By– SAnews.gov.za – More Matshediso
Pretoria – In pursuit of making quality education accessible to all children with disabilities, the Department of Basic Education has started implementing its new policy that it says will allow all children to access equal education.
The Department of Basic Education has partnerships with other departments and several organisations to provide education to learners living with disabilities. This is done through the Policy on Screening, Identification, Assessment and Support (SIAS). The policy has been in implementation phase since 2015.
The SIAS policy is one of the programmes that the department has in place to address challenges in past policies that had elements of discrimination and exclusion.
“The ultimate goal is to ensure that children are given access to basic education regardless of circumstances they find themselves in,” says Inclusive Education Director at the Department of Basic Education, Dr Moses Simelane.
The policy, which was approved by Minister Angie Motshekga on 19 December 2014, aims at ensuring that all children who experience barriers to learning, including those who are disabled, would be able to access inclusive quality primary and secondary education.
Currently, the implementation of the policy is monitored and evaluated by being built into the National Strategy for Learner Attainment (NSLA), which is the department’s mechanism of monitoring the implementation of its various programmes, including Inclusive Education.
Minister Motshekga says her department, with the support of the European Union, has over many years since 2004 achieved some critical milestones which will be taken forward in a sustained focus on Inclusive Education in 2017 to 2021.
The Minister says there are still too many learners in many schools whose needs are not met to enable them to reach their full potential.
These are children from rural communities, children and youth who live on the streets, children from the poorest of the poor who have little access to the resources that urban children have.
“Why should a learner with albinism or a learner in a wheelchair or with a cognitive disability be referred to a special school because they do not feel welcome at their local neighbourhood school? How can we call ourselves a free and democratic society if these discriminatory attitudes still persist?” asked the Minister.
To enable implementation of SIAS policy, and provide support and monitoring to provinces, the department initiated a Developed Draft Norms for Funding and Human Resource Distribution programme.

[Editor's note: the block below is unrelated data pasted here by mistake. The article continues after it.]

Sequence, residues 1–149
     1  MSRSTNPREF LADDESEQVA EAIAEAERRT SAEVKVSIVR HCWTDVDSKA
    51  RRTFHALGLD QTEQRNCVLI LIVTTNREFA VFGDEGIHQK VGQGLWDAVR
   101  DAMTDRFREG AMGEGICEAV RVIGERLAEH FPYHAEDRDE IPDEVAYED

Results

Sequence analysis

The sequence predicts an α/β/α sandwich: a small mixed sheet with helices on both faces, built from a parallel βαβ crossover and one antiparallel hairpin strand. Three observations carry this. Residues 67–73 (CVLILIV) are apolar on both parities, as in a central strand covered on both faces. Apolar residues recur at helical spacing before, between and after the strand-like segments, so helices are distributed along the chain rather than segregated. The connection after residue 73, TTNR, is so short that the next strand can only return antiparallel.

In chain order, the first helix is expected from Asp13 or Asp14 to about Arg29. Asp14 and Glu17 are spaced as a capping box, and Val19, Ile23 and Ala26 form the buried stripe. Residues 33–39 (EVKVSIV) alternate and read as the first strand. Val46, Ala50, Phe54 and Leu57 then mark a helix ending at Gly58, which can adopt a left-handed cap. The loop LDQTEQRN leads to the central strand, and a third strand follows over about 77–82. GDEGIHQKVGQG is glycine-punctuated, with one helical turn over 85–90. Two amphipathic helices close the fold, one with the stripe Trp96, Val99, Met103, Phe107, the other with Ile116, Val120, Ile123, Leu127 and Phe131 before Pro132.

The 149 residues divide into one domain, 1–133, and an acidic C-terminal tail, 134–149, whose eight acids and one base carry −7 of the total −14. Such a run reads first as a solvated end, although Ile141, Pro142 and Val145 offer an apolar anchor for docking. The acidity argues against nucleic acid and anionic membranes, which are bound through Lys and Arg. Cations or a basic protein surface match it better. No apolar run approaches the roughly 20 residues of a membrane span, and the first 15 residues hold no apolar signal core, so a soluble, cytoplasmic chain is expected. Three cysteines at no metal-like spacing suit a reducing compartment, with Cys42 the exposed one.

The department also feels that the majority of teachers still need to know more about teaching learners with disabilities. Measures have been put in place to ensure that significant progress has been made in ensuring that teachers receive training in specialised areas such as braille, South African Sign Language (SASL) and autism.
“Scores of teachers have graduated in SASL from universities across provinces. What still needs to be done is to build more capacity in the area of autism as well as to implement a Turnaround Strategy that has been designed for special schools, effective from 2016 onwards,” Simelane said.
The Curriculum for SASL is being implemented in schools, and Minister Motshekga believes this will introduce a new era in the provision of quality education for deaf children.
Workbooks that have been adapted for braille, large print and augmentative and alternative communication, are already assisting hundreds of learners in special and ordinary schools to participate in lessons together with their peers.
Simelane believes that the introduction and implementation of the SIAS policy will go a long way in responding to challenges that face parents. But he added that to ensure success, there will be a need for partnerships between various government departments and civil society organisations with expertise in targeted areas.
Since 2015, about 13 032 teachers, 1 367 officials and 3 610 schools have been trained on the policy. When fully implemented, Minister Motshekga says teachers and parents will receive the necessary support to ensure that learners can be included in their local neighbourhood schools.
Since last year, about 800 schools were being reconfigured into full service schools and resources were being dedicated to those schools. Close to 800 full service schools had already been designated in 2015. Of these, 137 (15%) had been physically upgraded for accessibility.
More than R5.7 billion was allocated to special schools in 2014/15, while R400 million was earmarked for strengthening full service schools. Draft funding norms have been developed to address the disparity of funding full service schools across all provinces.